It will be an unfamiliar challenge and you will be in a new environment. It is most effective to work with professional GMAT instructors, who will guide you correctly and make sure you allocate a sufficient amount of time.
You will need to commit four to five months for focused preparation. This time span is the most appropriate. Your preparation should not take longer or you run the risk of losing your focus. However, if you spend any less time your preparation will be insufficient.
You should have mastered the different types of cases in the test. The most effective way to work is with professional GMAT instructors, either in a group class or individually. In this way you will be given a good introduction and then be given correct guidance on how to handle and read not just the single tasks, but all tasks of the same type. None of the test preparation books provides a full overview of all types of questions. The best approach is to learn how to solve each group of problems within a single type.
Check out: GMAT Timing Strategy Dos and Don’t
Furthermore, when you have mastered the methodology of solving the different groups of problems, you will need to practice at least 200 – 300 sample questions for each of the sections: Sentence Correction, Reading Comprehension, and Critical Reasoning, and a further 500 questions on Problem Solving plus the same number on Data Sufficiency.
Try our free GMAT practice test.
This will help students apply the strategies taught to them by the instructors and to sense the ‘spirit’ of the test. This volume of work will ensure a score of 620 – 660. A higher score will require doubling the number of practice questions mentioned above. The next step is to focus on computer practice tests for 10 days before the actual sitting on the test. The first couple of days should be devoted to Verbal and Quantitative sections separately. Only then should you start on full-length practice tests in order to prepare yourself for the real challenge of the test itself.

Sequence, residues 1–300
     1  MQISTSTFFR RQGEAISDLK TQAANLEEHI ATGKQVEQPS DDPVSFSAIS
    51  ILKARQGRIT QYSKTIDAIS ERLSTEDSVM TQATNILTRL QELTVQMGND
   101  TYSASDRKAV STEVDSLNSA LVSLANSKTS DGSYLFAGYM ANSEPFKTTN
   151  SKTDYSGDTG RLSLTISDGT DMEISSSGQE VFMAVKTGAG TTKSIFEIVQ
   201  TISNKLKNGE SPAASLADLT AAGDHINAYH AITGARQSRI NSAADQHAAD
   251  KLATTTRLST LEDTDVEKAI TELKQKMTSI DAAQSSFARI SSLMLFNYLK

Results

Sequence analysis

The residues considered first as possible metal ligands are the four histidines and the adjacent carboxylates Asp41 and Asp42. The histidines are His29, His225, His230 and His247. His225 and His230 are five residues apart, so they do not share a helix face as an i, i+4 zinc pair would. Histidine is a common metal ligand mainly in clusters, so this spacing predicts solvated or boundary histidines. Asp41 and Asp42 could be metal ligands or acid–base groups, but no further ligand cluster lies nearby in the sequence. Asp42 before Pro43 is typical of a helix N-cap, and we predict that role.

Some practical tips on how to crack the GMAT :
The test begins with a 30-minutes essay – Analysis of an Argument, followed by the Integrated Reasoning section (introduced in June 2012). Only then does the ‘core’ of the test begin. This is the part which gives the score which each candidate aims for, the maximum being 800. My advice is not to focus too much on the Integrated Reasoning section, but rather to aim for a reasonable score on this section (as many universities still do not take it into consideration yet). Thus, you will save your energy and concentration for the Verbal and Quantitative sections.
Another important strategy concerns the number of questions answered in each section. If you are short of time and you have about 3 minutes left with 5 to 10 questions left to answer, I would advise guessing, rather focusing on possibly solving correctly one or two of the questions.
Check out: Educated Guessing and the GMAT
If you finish a section quickly, do not answer the last question too quickly. It is best to wait until the time allotted for this question and then to finish the section. In this way you can extend the break between the sections and maintain your concentration resulting in an overall higher score.
Never try to calculate your score during the test. Although the test is computer adaptive and the fact that you have an easy problem does not mean you have failed the test. A problem may seem easy to you, but the system may consider it a hard one and increase your score. Keep your conclusions for the end of the test.
Check out our info-graphic about the GMAT: